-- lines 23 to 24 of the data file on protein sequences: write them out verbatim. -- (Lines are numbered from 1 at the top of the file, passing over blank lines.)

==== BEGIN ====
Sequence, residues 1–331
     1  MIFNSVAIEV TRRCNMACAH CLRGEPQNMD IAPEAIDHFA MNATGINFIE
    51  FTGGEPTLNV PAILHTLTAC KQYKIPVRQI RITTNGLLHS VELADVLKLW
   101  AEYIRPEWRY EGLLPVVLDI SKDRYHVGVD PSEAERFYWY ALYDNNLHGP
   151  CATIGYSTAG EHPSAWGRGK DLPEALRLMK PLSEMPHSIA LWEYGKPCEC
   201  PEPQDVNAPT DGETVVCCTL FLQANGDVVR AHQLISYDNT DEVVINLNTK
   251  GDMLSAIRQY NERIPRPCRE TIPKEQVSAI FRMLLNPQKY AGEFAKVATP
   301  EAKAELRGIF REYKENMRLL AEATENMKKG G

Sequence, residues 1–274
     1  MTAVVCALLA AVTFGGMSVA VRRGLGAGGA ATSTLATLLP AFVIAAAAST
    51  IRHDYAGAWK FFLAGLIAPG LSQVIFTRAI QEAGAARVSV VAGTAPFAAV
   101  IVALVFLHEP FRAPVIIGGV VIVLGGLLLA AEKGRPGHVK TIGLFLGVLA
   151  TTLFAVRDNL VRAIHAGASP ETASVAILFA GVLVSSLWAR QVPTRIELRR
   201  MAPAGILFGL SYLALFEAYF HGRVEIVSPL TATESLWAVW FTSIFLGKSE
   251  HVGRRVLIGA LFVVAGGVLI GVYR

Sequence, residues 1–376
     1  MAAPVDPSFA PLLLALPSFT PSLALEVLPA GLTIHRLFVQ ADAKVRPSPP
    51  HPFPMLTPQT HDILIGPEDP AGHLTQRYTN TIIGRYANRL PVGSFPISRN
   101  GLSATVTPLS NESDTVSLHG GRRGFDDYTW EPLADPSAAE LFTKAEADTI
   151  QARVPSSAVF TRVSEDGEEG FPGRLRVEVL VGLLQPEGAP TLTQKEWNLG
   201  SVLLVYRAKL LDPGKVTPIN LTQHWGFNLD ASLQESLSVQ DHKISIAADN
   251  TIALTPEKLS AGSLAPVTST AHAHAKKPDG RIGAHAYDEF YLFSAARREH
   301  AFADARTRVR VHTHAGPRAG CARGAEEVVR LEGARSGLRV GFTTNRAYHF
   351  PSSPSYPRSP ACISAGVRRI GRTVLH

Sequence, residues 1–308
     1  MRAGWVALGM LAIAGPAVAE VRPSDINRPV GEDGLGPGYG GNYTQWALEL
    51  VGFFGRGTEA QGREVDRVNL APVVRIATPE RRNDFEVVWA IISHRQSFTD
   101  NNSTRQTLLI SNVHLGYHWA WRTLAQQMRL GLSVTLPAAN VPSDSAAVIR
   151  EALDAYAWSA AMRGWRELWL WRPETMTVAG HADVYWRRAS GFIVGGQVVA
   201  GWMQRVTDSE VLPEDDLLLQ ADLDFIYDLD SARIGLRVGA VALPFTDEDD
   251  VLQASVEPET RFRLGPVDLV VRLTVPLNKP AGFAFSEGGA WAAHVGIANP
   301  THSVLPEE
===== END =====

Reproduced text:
   301  AFADARTRVR VHTHAGPRAG CARGAEEVVR LEGARSGLRV GFTTNRAYHF
   351  PSSPSYPRSP ACISAGVRRI GRTVLH